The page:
Doors are usually used to cover the manifolds. These may be made by a carpenter to match the other cabinets in the house or Zurn sells a plastic access panel that can be used. Zurn access panels come with a frame that can be fastened to the sheetrock with adhesive or screws for easy installation. The panels snap into place and are essentially flush with the sheetrock.

Over the last two years or so many ppl have ridiculed me for saying that PEX is more difficult to run than other materials because it requires much more attention to detail, and no doubt many of you are ready to jump on me here as well, but then I have to be more cautious because when I install it, it is warranted...on the other hand, there is a disclaimer in the manufacturers warranties that says that all warranties whether written or implied are null and void unless the PEX is installed by a licenced plumber.

    Bookmark   March 15, 2012 at 8:35PM
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So what do I do about all the PEX in the basement which was installed at the modular factory (above the floor joists), transported here, lifted on a crane and set on the foundation?

I can replace the couple inches that were sticking out of the wall in the back of the (uncovered) vanity, and I can throw out the two 5-ft pieces I cut off my cousin's spool but I can't replace all the PEX in the house. If the damage is instantaneous, then any PEX in the 2 upstairs modules that might have been exposed during build/transport/set would have to be replaced too. How can the modular home companies use PEX if it can't be exposed to sunlight at all? Even if they covered it during transport (I don't remember), any covering was stripped off once they lifted it up and before they set the modules in place - I have pictures of the back half of my house (master bathroom and general bath) on a bright June day with exposed PEX on the underside of the module.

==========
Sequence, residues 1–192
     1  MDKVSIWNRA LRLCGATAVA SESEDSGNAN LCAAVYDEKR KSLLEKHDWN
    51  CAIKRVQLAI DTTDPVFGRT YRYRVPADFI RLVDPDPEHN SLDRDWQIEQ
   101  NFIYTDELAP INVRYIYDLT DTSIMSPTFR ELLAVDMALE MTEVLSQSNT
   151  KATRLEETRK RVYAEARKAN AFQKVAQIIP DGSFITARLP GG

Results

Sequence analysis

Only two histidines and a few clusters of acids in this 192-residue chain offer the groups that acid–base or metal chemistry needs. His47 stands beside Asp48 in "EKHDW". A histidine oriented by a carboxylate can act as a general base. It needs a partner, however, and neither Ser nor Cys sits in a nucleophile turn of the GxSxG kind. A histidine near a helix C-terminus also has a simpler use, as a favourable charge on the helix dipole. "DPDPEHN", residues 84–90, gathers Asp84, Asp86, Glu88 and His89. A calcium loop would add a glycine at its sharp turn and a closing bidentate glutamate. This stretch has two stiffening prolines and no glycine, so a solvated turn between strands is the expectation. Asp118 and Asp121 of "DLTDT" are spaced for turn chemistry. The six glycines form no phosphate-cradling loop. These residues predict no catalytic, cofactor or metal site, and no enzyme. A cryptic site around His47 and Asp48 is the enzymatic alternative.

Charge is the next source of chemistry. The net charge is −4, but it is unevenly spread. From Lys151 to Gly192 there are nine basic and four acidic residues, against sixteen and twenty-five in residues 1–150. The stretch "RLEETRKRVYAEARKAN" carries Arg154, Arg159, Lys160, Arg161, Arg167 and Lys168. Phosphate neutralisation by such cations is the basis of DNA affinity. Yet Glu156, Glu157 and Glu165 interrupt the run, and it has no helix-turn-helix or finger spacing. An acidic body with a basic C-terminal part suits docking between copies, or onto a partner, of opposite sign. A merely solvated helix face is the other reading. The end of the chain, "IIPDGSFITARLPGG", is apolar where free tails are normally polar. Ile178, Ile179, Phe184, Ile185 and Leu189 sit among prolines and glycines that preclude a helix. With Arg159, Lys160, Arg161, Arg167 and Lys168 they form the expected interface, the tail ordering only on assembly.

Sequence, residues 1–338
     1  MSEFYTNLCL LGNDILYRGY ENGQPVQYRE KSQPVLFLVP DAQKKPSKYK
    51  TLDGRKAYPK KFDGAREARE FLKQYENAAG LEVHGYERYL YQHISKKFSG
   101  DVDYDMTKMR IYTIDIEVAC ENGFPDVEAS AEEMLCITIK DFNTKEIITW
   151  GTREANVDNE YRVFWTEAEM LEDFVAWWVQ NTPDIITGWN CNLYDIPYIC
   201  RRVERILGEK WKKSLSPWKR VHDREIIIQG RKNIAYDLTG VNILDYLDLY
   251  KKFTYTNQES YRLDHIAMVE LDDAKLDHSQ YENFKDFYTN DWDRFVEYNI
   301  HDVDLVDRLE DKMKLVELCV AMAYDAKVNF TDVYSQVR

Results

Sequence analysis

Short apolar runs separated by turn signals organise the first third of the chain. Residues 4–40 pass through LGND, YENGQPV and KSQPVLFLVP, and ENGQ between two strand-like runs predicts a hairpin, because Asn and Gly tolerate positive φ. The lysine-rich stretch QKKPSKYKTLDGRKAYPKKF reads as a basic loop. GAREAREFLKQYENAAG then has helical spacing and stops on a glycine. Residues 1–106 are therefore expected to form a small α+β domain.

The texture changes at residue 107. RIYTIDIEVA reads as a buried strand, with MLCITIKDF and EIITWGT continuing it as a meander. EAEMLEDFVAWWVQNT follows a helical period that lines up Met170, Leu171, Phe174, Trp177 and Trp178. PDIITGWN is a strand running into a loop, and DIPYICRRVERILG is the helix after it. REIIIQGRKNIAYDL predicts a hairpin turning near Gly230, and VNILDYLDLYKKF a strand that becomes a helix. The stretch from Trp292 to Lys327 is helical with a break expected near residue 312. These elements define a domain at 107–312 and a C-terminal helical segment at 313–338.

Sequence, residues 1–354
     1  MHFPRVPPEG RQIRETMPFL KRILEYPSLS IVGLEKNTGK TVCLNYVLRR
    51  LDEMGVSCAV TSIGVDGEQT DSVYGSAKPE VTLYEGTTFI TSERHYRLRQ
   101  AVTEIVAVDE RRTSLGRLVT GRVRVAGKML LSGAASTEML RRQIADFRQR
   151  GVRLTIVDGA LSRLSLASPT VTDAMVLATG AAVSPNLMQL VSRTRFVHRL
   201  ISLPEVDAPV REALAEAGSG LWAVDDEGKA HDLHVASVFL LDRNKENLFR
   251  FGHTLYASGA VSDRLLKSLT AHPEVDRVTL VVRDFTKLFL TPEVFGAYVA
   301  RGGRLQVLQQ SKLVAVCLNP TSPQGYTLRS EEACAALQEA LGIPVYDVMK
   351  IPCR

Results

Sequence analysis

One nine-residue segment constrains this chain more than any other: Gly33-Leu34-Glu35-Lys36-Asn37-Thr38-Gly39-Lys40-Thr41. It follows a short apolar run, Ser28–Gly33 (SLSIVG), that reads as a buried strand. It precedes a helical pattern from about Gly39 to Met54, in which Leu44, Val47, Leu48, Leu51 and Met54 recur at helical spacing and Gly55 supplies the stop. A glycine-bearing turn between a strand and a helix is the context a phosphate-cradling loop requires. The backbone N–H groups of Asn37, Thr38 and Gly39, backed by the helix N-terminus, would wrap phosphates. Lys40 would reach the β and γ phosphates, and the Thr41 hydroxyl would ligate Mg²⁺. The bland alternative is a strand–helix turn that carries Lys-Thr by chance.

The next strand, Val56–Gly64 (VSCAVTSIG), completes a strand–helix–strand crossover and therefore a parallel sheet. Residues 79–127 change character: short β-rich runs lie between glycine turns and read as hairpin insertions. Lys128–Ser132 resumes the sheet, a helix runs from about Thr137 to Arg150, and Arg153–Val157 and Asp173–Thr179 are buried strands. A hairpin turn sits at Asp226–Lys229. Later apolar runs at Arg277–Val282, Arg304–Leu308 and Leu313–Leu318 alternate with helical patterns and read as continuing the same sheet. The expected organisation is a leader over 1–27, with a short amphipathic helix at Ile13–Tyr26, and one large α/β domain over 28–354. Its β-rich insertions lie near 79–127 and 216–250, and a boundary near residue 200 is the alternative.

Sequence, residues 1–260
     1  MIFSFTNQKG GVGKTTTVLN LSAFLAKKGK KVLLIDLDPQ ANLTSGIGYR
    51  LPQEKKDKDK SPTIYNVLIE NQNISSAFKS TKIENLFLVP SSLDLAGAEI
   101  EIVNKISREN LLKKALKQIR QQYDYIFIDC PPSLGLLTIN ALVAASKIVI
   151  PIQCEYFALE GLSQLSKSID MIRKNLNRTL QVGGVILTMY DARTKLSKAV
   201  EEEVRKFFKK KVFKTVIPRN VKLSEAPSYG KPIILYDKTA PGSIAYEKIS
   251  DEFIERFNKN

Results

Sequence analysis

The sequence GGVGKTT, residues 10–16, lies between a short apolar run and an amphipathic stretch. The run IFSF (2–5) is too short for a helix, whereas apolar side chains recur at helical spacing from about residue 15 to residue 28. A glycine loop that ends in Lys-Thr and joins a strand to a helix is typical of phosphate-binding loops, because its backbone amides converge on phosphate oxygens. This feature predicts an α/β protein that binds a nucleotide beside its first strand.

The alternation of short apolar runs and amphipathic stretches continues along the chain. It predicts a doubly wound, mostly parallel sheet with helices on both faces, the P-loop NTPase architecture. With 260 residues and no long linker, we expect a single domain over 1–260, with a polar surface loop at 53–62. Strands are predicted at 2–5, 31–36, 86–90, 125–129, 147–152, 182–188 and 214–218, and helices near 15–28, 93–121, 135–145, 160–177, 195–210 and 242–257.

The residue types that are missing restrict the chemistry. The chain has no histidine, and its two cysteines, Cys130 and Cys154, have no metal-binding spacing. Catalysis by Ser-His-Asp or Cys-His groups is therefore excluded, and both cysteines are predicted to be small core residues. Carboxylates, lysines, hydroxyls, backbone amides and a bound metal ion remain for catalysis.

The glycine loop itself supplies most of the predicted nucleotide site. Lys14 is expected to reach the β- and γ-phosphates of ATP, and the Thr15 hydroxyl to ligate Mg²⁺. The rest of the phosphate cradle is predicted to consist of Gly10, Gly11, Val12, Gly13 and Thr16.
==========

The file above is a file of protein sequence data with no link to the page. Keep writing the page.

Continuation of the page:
Home Depot displays their PEX on open shelves - not in direct sunlight (in my local store) but fluorescent lighting.

    Bookmark   March 15, 2012 at 9:39PM
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First off, let me calm your fears a bit. The effects of UV light are not immediate. All plastic pipe is deteriorated to some degree by continued exposure to UV light at all levels. The extent of the damage is proportional to both the intensity and the duration of the exposure. The more pronounced the exposure the more it tends to shorten the anticipated service life of the products, however even in a worst case scenario it would probably be 10 to 15 yrs before any real problems start to manifest themselves. One of the first signs that the pipe has been compromised by exposure to UV light is a dull chalky appearance on the exterior of the pipe.

Now in regards to Home Depot displaying the product open on the shelves. If one were to diligently go through a Home Depot, Lowes or any other home supply center he/she could write a book about how materials are handled improperly, but then it goes back to what my daddy used to say. If the ppl handling that stock knew the trades they would not be working in a hardware store, and if you pay peanuts you have to expect to hire monkeys.